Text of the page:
Speech privacy is achieved when speech can not be understood. This effectively means that in a meeting room, someone listening from outside would know there was a conversation but would not be able to understand what was being communicated. In an open plan area, speech privacy is less practical, however reducing the distance that a conversation can be understood is a practical goal. With sound masking the radius in which speech can be understood is greatly reduced by raising the background noise level therefore reducing the speech to noise ratio.
An open plan office can suffer from two speech problems. First, other people’s conversations can be a disturbing and irritating distraction; and secondly, confidential conversations can be almost impossible to conduct. Similar problems also exist in cellular offices, particularly where acoustic partitions, false ceilings and access floors are installed. Sound flanking paths are abundant in such situations, even when people remember to close doors. Apart from noise breakthrough via partitions, flanking over, under and around them, other problem areas include light fixtures, air conditioning systems and services trunking.
Attention to office acoustics at the building planning stage will obviously produce the best results, and it is at this stage that the acoustic specification for each area should be determined. The acoustician’s objective must be to create an environment which will allow communication within individual work areas, while minimising distractions and providing speech privacy in adjacent work areas for open plan areas and to provide speech privacy for cellular offices but still retaining a flexible partitioning system because of the rate of churn in today’s business environment.
Communication occurs whenever the speech level exceeds the background noise level, and conversely, privacy of speech is achieved when the speech level and background levels are equal. Speech intelligibility ranges from 0% (speech privacy) to 100% (perfect communication). For privacy of speech in office situations the speech intelligibility target is usually about 5%. This allows some words to be heard, but complete sentences cannot be understood; thus people’s conversations become less distracting. The 5% level can be achieved in three ways:
The direct speech path might be blocked by a screen, which could be a purpose designed acoustic screen with a solid core and acoustically absorbent surfaces, or it could be office furniture, e.g. lateral filing etc. Workstation orientation is also important, and benefits will be attained by arranging the layout so that staff do not face each other. The larger the screen or sound barrier, the more effective it becomes in blocking the direct speech path; however, the open plan concept usually restricts the number and size of screens which are acceptable. With cellular offices the screen is already there in the form of the walls.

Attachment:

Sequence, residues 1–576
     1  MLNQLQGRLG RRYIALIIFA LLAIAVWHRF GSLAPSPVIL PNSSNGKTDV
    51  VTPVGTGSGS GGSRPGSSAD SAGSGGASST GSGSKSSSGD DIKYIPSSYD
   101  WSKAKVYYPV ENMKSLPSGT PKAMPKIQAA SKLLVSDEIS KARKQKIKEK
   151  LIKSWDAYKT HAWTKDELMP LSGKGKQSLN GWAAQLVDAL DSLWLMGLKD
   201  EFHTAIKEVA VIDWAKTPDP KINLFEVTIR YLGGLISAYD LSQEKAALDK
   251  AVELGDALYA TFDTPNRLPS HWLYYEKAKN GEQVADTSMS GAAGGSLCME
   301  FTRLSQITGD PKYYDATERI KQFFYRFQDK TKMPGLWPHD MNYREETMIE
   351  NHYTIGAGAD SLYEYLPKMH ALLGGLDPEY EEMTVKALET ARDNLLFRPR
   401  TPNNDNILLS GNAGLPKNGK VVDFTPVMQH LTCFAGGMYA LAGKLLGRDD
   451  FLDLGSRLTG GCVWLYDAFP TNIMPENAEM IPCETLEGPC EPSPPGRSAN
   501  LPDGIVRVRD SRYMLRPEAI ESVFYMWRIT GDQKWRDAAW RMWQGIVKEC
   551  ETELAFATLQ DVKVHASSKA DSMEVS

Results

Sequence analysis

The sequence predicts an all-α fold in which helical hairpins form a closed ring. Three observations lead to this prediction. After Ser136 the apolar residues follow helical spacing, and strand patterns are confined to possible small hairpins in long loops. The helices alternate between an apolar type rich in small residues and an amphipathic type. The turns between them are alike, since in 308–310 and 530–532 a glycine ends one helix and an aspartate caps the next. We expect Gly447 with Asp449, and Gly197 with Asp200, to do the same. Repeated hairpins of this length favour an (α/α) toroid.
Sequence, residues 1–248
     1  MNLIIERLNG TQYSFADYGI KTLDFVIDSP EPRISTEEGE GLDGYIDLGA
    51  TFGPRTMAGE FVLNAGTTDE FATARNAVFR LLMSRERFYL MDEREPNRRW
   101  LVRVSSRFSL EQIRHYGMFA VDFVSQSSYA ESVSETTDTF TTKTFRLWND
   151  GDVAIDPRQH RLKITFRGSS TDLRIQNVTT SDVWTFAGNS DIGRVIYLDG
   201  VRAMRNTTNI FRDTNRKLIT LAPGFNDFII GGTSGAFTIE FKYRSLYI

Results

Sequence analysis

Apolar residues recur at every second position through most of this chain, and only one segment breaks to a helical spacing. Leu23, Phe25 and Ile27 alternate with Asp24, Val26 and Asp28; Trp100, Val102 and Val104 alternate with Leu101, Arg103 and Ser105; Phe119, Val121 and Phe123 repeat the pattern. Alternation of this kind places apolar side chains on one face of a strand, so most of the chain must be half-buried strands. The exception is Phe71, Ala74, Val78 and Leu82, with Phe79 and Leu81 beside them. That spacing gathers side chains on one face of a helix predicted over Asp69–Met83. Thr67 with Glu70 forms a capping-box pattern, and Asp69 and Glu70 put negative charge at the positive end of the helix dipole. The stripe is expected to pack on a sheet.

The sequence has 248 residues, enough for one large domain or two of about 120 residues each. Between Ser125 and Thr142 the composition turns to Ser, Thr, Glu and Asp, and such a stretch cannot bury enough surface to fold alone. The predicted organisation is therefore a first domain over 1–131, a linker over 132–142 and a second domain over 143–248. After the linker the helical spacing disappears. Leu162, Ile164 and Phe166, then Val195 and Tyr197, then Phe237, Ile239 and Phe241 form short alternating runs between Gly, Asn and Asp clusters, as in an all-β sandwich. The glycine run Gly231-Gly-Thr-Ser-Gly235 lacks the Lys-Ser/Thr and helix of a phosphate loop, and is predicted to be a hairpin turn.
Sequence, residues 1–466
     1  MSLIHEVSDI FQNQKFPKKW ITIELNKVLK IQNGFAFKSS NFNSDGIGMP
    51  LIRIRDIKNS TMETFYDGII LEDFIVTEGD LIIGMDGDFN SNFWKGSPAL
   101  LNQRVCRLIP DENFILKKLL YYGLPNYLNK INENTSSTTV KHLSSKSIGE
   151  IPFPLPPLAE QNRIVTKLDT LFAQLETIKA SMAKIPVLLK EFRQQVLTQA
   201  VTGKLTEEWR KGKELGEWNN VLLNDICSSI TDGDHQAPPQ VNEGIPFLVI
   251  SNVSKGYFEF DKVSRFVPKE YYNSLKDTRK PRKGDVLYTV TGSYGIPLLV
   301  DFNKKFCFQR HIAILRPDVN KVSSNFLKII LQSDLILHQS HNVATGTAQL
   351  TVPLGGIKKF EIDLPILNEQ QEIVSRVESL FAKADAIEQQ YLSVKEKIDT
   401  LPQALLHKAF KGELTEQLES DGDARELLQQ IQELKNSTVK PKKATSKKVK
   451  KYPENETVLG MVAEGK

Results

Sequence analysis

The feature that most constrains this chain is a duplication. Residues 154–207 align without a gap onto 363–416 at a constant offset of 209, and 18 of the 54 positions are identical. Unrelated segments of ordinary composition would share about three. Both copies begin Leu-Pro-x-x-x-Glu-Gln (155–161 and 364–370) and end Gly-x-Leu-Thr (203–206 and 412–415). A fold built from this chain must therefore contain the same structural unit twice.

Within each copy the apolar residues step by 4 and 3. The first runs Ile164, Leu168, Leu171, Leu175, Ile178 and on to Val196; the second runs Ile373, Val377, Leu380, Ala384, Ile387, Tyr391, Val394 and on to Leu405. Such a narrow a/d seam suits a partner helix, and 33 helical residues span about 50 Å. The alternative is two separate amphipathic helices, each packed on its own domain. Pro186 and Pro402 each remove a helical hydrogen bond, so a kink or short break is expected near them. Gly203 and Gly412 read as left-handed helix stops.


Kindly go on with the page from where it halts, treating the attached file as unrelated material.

The reflected speech paths can be minimised in a number of ways. Soft furnishings will help significantly, but purpose designed acoustic wall panels will be much more effective. Lightweight panels can be fixed to reflective walls or columns, and their fabric facings matched to the office decor scheme, enhancing the visual aspect of the office in addition to improving its acoustic characteristics. Doors should have acoustic seals fitted to all four sides. Ceilings also play a major part in reflecting sound, and ceiling systems with higher absorption coefficients should be installed. It should be noted, however, that some perforated metal ceilings can be highly reflective acoustically at certain angles, and need careful consideration. Carpets can also make a significant contribution.
The loudspeaker network is usually installed within the false ceiling void with the speaker cones facing upwards (i.e. towards the solid structural ceiling slab above), in order to provide a diffused sound field in the office area below. Grouping the loudspeakers in zones allows individual adjustments to the speaker background sound, to suit different areas of the office.
Speaker density is very important, with too low a density of speakers leading to the directional effect of the sound source becoming apparent. If people are able to identify speaker positions, either visibly or audibly, the system will not be as effective as it can be in providing speech privacy without being obtrusive. This is why we endeavour to place the speakers out of sight in the void, rather than in the ceiling tiles facing down. The systems flexibility for speakers to go under floor, or be surface mounted always enables us to give our clients the best sound masking solution available.